FPP – Are there guidelines to measure the effectiveness of social media marketing in selling more books?

PV – The thing speaks for itself. Are you getting an increase in book sales?

FPP – What trends do you see for the use of social media in book marketing during the next few years?

PV – The good news is social media and book marketing will help good to great books achieve a success that lasts. There is no longer the six-week shelf life to promote books. Good to great books can be promoted indefinitely and achieve classic status. The concept of Slow-cooked brand will endure.

1.  How has the emergence of social media affected book marketing and PR during the last two years, if at all?  Social Media has evolved to be one of the most important components of book marketing and PR.  Not to oversimplify the matter but book marketing and PR is like a stool with three legs: Press, Networking and Social Media.  You can’t be effective unless all three “legs” are strong and balanced.

2.  You’ve spoken about the “slow-cooked” branding process.  Could you explain what you mean by that term and how social media plays a role in that process? The man who wakes up and one day and finds himself suddenly famous was not an overnight success.  It takes a minimum of five years to build a strong brand.  Take Facebook, for example, this is a company that is now celebrating its sixth birthday.  For the first three years of Facebook’s life, it gained momentum over time among twenty-somethings. It wasn’t until its fourth year that the company gained traction among all the rest of us. It took five full years for this brand and business to become firmly entrenched in our psyche and to get many of us to become users.

3.  What are some of the essential things an author should do to leverage social media in the marketing of his / her books? Set up a Facebook page that defines your persona as an author and clearly distinguishes how you are different from other authors. Facebook should tell the story of who you are personally and how you live without being maudlin or stupid in what you reveal. Use Twitter in a way that strategically points followers to your book.  Create a tweet platform composed of all the individual tweets that you will post over a sustained period of time.  Your tweet platform should have a theme and not just be a rambling of disjointed tweets that are purely self-promotional.  Be creative come up with tweets that are saying something powerful and important and yet are all connected thematically.

4.  Is there a rule of thumb publishers should follow regarding the investment in traditional marketing versus social media marketing for their titles?  Every book and every author needs to be assessed according to the target audiences that they are trying to reach.  For some books it may make much more sense to rely more heavily on traditional media whereas in other instances heavy use of social media is the most effective tool.  Always ask yourself who is your audience?  What do they read? What do they watch? Are they using social media?  Let the audience dictate the type of media that you will choose to use.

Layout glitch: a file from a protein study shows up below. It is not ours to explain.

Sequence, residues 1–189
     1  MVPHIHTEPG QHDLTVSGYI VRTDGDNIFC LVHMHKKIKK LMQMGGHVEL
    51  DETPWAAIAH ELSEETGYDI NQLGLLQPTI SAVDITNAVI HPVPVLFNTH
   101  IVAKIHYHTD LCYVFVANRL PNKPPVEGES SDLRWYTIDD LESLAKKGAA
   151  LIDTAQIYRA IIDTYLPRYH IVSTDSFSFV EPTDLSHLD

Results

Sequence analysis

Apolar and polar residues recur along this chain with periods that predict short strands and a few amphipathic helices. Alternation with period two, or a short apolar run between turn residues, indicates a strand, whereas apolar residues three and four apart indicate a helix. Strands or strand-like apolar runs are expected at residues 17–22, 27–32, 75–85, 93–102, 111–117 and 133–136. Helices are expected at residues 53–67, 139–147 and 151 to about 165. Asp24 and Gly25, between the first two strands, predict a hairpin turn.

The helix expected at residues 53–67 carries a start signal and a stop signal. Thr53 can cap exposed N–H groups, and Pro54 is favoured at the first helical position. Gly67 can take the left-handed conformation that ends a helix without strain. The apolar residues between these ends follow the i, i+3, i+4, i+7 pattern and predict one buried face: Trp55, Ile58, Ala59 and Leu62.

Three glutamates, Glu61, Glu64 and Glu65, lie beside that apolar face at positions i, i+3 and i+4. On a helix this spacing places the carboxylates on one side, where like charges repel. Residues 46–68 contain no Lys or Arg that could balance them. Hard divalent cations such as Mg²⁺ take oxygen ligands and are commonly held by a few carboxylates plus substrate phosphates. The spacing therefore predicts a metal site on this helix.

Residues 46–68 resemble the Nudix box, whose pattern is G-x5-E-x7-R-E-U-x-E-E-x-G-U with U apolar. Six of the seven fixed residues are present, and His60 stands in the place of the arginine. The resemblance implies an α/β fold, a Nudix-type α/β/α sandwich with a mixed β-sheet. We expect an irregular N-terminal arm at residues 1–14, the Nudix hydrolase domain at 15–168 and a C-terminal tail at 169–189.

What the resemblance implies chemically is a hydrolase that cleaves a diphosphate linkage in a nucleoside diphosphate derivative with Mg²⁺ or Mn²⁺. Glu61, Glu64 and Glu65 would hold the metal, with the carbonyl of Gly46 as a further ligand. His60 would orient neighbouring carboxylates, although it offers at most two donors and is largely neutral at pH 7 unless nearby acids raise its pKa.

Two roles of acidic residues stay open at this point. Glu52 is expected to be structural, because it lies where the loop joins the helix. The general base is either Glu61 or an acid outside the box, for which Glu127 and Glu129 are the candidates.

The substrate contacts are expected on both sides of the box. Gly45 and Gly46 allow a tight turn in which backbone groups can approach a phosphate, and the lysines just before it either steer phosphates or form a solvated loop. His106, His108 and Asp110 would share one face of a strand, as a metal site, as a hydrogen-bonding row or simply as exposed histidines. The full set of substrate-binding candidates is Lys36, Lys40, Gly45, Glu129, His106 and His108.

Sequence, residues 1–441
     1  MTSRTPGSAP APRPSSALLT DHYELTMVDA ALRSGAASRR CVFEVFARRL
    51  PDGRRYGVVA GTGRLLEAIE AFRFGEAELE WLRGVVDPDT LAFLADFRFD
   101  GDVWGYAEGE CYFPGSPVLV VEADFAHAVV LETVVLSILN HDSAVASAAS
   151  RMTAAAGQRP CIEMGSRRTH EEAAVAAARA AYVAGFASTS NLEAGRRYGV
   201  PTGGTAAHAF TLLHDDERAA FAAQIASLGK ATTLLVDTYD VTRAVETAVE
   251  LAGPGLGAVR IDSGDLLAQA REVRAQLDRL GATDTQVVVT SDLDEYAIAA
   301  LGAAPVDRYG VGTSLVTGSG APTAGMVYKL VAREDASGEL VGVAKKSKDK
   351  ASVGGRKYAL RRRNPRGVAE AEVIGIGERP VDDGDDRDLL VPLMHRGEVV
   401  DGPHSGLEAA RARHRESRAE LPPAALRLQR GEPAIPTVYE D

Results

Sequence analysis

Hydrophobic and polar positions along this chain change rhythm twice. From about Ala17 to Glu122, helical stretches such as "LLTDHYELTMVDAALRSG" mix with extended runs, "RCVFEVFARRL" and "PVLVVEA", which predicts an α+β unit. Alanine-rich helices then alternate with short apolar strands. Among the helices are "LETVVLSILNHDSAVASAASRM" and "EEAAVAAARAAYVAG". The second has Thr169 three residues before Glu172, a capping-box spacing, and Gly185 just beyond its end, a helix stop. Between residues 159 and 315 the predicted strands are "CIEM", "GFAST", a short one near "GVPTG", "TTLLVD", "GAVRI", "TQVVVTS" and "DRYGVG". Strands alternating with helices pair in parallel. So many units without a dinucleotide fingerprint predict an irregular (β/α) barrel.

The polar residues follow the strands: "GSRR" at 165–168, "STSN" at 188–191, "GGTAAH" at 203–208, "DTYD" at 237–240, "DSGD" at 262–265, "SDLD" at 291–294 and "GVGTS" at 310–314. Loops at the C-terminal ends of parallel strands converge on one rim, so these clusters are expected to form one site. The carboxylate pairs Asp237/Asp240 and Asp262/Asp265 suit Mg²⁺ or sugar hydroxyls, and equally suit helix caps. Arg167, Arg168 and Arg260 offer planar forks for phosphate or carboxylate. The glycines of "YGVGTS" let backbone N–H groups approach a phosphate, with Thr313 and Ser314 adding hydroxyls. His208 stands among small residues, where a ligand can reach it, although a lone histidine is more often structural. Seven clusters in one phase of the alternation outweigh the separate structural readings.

5.  There are so many different social media venues these days.  How should an author prioritize his or her use of social media? You need to be very discipline d about using social media. Before you sign on to any social media site, you need to first decide exactly what you will do.  If you are not clear and focused, you will spend more time than you should and that can seriously damage your overall marketing strategy. Remember time is your most valuable asset.

6.  Is there a minimum time investment in social media that an author should plan on each week to maintain an effective presence?  When you are in the building phase i.e., acquiring a following or gaining friends, it can take an hour or so a day.  After your infrastructure or network has been established, you need to get your time down to a maximum of 15 minutes a day.

7.  Are there social media venues that are more effective for marketing or PR purposes in non-fiction, fiction, or certain genres?  It is different for every genre and there are new social media sites popping up every day.  You need to do your research and keep it current.

8.  How can an author avoid mixing personal and professional messages when using social media to promote a book?  We have entered a time when there is a tremendous blurring of the boundaries between what is personal and what is professional.   Anything you post, or tweet must be subject to a test:  The test is what do you stand for?  What you stand for defines your professional brand. Your professional brand speaks to who you are both professionally and personally, and must connote integrity, value and strength.  So before you post, always ask yourself what do you stand for?

9.  Are there guidelines to measure the effectiveness of social media marketing in selling more books?  The thing speaks for itself. Are you getting an increase in book sales?

10.  What trends do you see for the use of social media in book marketing during the next few years? The Good news is social media and book marketing will help good to great books achieve a success that lasts.  There is no longer the six-week shelf life to promote books. Good to great books can be promoted indefinitely and achieve classic status. The concept of Slow-cooked brand will endure.


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Sheila Clover-EnglishBook Vid Lit

by Sheila Clover-English